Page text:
July 11, 2011 – The onslaught of data breaches and information leaks most assuredly will continue as companies struggle to operate and share information securely in a more mobile world.

Nowhere is this more evident than in the area of securities or financial services, where sharing confidential and sensitive information is a mainstay –from confidential M&A transaction information to investment research and investment ‘pitch books.’

Just this past month, two compact disks belonging to Morgan Stanley Smith Barney, containing personal information on 34,000 customers, were lost on their way to the New York State Department of Taxation and Finance, for instance. They were password-protected – but not encrypted.

Because of the very nature of the business, financial organizations are key targets for fraud, intrusion and information abuse. On top of this, the convenience and growing use of tablet PCs and smartphones, which create tremendous value for customers, exposes security gaps and new risks by enabling customers and employees alike to store sensitive data on personal devices.

Technology departments can ensure that data crossing their networks is encrypted while on their network; however, this provides no guarantee of the security of the data once it leaves the network. And what happens if mobile devices containing sensitive information are lost or stolen?

If investment bank research information is leaked to a trading floor, for example, insider trading concerns can spring up and catch the SEC’s attention. On the other side of the coin, if investors do not have secure access to authorized research they’ll lack the information necessary to green light financing.

So, what can companies do to address these unique challenges in the age of WikiLeaks?

Protect files, in addition to systems.

When data travels beyond the boundaries of the company network, what form does it travel in? The file. The ability to embed security mechanisms directly into files themselves in native file formats remains missing in modern IT security strategy.

With advanced file protection, financial organizations can protect information automatically without changing how users currently work. It can enforce usage and protection policies for groups of sensitive files, embedding specific policies that determine how sensitive files that meet a certain criteria can be used, to limit who is allowed to open or forward such files. Having the ability to enforce policies can allow investors, analysts and others to share information safely and ensure that sensitive documents do not fall into the wrong hands.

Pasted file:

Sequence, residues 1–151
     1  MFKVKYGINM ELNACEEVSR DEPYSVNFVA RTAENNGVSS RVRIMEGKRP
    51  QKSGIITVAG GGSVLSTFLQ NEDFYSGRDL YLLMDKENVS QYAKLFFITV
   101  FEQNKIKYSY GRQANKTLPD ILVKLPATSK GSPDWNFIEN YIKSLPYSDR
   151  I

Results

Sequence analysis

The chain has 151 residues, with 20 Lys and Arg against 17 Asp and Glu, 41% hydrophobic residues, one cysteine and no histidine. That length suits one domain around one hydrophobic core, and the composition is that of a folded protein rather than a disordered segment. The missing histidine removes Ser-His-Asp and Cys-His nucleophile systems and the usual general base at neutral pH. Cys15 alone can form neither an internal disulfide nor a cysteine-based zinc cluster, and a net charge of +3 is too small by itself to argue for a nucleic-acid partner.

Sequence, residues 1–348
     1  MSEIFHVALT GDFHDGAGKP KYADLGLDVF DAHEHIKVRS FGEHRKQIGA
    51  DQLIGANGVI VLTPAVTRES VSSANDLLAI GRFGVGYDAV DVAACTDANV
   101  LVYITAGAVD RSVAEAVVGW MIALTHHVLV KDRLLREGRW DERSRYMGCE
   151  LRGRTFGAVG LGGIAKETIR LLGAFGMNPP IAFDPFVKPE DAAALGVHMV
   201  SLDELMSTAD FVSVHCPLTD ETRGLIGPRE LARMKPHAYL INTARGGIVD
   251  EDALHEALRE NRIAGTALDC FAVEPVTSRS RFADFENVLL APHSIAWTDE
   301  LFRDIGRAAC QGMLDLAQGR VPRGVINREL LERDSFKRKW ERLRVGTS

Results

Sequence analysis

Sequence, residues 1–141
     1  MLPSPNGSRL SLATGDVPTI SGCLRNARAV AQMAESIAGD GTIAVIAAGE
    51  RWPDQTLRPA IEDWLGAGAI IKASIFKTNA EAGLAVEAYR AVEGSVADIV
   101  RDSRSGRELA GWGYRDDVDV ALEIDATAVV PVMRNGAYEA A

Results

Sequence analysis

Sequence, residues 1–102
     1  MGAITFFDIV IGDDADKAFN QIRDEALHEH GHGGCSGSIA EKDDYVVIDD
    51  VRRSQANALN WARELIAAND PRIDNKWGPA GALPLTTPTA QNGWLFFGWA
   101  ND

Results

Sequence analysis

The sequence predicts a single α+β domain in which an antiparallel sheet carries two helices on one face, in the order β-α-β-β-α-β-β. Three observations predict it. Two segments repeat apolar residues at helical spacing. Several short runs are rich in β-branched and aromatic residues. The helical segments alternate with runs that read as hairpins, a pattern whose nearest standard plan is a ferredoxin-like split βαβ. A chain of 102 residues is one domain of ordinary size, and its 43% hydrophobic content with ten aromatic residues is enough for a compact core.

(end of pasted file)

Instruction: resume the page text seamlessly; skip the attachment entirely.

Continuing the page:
By monitoring the use of sensitive information and protecting it from misuse through file tagging and tracking, it is possible to return to a state of accountability. If files are tagged (for example, with visible and/or invisible digital watermarks), organizations can track that data as it travels outside of the corporate network, capturing detailed file usage activities in real-time and alerting IT staff to unauthorized access immediately.

When attacks occur, immediate warning and detection can mean the difference between ‘business as usual’ and widespread catastrophe. If a business monitors where information goes out of its network, over time it can begin to understand employees’ habits and behaviors. This knowledge can heighten an organization’s ability to identify changes to pattern behavior and take appropriate action.

Imagine an investment banking employee’s laptop is the victim of a malware attack, and that employee has unfortunately stored a number of investment ‘pitch books’ containing highly confidential deal terms in PowerPoint form in an email. If the PowerPoint files had been tagged, the IT department would be able to track and determine where the files are being read and even ‘kill’ them remotely if needed, thus, at the least identifying who is responsible for a leak of deal terms, and, at the most, minimizing the risk of insider trading, compliance violations and stopping a potential leak altogether.

Organizations should continue to comply with best practices for implementing traditional ‘depth in defense’ systems (using virtual private networks, identity management, firewalls, device protection, intrusion prevention and detection, etc.), and certainly are required to follow privacy policies and Securities and Exchange Commission regulations for handling sensitive information to help mitigate risks and punish offenders.

Current security technologies successfully limit access to a company’s sensitive files and information to authorized users within the confines of their corporate networks. However, without a way to monitor or track data once it leaves a network, companies become vulnerable to disastrous attacks. File protection must be incorporated to help fill this critical gap in today’s information security strategy and enable safer sharing of sensitive information.

This article originally appeared on Securities Technology Monitor.

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